Mama Lupe Low Carb Tortillas; Mr. Tortilla Low-Carb Multigrain Tortillas; Tia Lupita Low Carb Cactus Corn Tortillas; La Banderita® Carb Counter / Whole Wheat Flour Tortillas; Mission, Flour Tortilla – Low Carb -Soft Taco; Siete Almond Flour Grain Free Tortillas.
Best Chile Peppers for Mexican cooking?
I’m always confused about the correct use and spelling of this word. However, as a general rule of thumb chile with an “e” at the end is the correct Spanish spelling. It refers to a capsicum pepper, specifically a spicy pepper grown throughout New Mexico.
Common chile peppers used in Mexican cooking would include ancho, jalapeno, pasilla, serrano, chile de arbol and guajillo peppers. Carne Con Chile Colorado literally means “meat with red-colored chile sauce.”
Chili spelled with an “i” at the end is the Americanized version, and usually refers to the dish or the stew rather than the fresh or dried peppers. You’ll often see a powdered spice mix in the store labeled “Chili Powder.” It seems most Americans make their stew with this powdered form of peppers.
Dishes that feature New Mexico chiles, normally use the “chile” spelling. You’ll often see this spelling as in green chile sauce, green chile stew, red chile sauce, and chile colorado.
But whether you spell it “chile” or “chili,” I guarantee you will enjoy this delicious dish!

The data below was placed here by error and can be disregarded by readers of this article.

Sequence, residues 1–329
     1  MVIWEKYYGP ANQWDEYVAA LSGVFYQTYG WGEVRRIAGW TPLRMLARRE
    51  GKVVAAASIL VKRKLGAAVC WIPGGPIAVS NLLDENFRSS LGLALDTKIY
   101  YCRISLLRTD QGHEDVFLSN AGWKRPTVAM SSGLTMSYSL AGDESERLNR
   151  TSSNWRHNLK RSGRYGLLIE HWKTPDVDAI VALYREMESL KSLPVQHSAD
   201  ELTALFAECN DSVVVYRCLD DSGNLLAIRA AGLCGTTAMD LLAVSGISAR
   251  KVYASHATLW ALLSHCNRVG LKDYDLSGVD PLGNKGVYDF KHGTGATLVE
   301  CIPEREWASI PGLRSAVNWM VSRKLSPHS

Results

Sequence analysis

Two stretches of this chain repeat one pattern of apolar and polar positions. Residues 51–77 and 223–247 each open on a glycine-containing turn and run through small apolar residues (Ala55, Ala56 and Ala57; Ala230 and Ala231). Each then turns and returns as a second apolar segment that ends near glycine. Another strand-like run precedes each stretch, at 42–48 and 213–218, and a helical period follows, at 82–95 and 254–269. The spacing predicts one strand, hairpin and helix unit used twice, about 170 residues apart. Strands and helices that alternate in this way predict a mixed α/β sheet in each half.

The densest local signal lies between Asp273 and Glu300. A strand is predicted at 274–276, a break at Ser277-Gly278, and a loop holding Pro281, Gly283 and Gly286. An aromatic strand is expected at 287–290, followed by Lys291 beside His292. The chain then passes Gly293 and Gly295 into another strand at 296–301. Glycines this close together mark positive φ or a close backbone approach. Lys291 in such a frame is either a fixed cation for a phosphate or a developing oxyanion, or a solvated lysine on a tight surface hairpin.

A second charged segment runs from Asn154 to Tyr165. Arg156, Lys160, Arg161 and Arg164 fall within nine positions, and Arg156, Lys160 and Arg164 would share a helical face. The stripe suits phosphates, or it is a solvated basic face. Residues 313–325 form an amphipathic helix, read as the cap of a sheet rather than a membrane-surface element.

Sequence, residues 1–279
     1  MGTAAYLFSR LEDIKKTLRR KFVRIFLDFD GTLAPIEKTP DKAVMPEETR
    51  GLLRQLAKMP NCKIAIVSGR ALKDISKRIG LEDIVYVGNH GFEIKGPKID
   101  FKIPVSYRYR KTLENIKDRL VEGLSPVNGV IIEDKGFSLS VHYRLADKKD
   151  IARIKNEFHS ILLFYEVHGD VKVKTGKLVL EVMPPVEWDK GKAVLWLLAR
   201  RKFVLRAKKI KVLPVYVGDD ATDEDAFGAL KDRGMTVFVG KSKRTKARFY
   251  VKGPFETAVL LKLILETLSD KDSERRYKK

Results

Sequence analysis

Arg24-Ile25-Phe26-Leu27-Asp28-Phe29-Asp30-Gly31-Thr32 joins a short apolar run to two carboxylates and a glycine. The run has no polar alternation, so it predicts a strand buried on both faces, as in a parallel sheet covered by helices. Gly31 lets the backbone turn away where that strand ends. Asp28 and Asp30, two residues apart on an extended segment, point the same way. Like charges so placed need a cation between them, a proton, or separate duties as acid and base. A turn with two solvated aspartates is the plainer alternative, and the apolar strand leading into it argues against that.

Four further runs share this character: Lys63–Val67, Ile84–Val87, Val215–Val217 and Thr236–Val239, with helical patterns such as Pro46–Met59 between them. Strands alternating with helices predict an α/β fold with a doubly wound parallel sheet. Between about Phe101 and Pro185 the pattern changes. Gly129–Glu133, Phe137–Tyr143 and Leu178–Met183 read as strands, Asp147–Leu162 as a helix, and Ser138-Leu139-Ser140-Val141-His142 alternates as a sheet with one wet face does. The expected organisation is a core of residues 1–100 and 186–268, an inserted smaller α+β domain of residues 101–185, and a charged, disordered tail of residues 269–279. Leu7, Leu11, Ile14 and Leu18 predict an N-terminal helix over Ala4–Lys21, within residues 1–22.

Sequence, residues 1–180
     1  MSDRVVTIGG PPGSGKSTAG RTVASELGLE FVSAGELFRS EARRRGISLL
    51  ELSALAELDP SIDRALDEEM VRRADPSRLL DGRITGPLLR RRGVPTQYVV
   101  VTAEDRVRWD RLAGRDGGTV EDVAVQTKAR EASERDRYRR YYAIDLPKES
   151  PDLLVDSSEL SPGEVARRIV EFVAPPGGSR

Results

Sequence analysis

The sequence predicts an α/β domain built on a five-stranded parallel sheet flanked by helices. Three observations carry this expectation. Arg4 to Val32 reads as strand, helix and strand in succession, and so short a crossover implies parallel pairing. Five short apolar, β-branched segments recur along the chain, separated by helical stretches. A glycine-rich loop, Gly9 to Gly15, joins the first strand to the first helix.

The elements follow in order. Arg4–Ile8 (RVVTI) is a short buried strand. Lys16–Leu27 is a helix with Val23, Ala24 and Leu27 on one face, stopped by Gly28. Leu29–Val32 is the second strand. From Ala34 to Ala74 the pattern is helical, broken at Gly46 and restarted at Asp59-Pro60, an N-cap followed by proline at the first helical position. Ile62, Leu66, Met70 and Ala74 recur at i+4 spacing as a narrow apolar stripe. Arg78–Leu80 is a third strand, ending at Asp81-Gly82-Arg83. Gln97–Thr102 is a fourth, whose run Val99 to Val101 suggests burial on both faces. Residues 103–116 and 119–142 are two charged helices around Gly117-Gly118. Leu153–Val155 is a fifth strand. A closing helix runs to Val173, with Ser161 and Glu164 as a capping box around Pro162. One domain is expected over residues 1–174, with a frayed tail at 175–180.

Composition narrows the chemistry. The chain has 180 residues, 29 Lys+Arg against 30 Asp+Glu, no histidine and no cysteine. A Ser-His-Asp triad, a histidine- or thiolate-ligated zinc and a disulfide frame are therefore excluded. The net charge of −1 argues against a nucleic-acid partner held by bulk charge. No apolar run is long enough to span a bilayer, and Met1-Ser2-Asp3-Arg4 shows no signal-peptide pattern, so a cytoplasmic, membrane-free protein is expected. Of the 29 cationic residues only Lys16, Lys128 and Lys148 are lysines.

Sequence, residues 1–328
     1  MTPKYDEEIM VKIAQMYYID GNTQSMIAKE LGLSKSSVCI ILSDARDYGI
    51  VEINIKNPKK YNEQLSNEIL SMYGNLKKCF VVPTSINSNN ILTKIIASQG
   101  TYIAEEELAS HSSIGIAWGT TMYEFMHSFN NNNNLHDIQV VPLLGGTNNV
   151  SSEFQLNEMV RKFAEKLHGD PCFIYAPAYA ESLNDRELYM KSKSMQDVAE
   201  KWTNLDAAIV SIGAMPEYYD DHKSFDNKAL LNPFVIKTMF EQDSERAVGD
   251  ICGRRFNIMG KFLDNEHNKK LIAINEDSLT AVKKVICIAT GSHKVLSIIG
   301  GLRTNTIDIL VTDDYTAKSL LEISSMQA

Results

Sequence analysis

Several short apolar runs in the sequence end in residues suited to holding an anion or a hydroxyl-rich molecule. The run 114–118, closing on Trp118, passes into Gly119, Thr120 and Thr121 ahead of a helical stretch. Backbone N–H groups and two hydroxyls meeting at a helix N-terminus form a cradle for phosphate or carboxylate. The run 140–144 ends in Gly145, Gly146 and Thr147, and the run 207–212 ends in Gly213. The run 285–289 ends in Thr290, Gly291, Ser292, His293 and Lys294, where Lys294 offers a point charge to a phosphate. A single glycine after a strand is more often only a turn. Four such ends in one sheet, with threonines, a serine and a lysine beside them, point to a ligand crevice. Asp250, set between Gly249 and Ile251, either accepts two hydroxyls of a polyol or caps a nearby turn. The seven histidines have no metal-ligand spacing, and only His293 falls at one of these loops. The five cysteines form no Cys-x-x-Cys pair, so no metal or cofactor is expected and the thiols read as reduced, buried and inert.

**Pro Tip: This is a perfect recipe to freeze. You can easily make a double batch and quickly have a warm, robust meal ready on a chilly day. This should freeze well for up to 6 months.
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Recipe for Chile Colorado
Low Carb Chile Colorado
- 4 tbsp olive oil refined, divided
- 2 lbs beef stew meat I have also used chuck roast cut into bite-sized chunks
- 4 cups water
- 1 large onion minced
- 4 cloves garlic peeled and minced
- 2 tbsp smoked chile blend
- 1 tsp dried oregano
- 1 tsp ground cumin toasted
- 1 tsp achiote you can use ground achiote seeds or a paste (the paste will have other seasonings in it however)
- 2 tbsp red wine vinegar
- 1 tsp salt taste as you go and add more if needed
- Heat oil over med-high heat in dutch oven or large iron skillet. Sear stew meat in oil until browned and then add water. Cover and simmer over low heat for about an hour.4 tbsp olive oil, 2 lbs beef stew meat, 4 cups water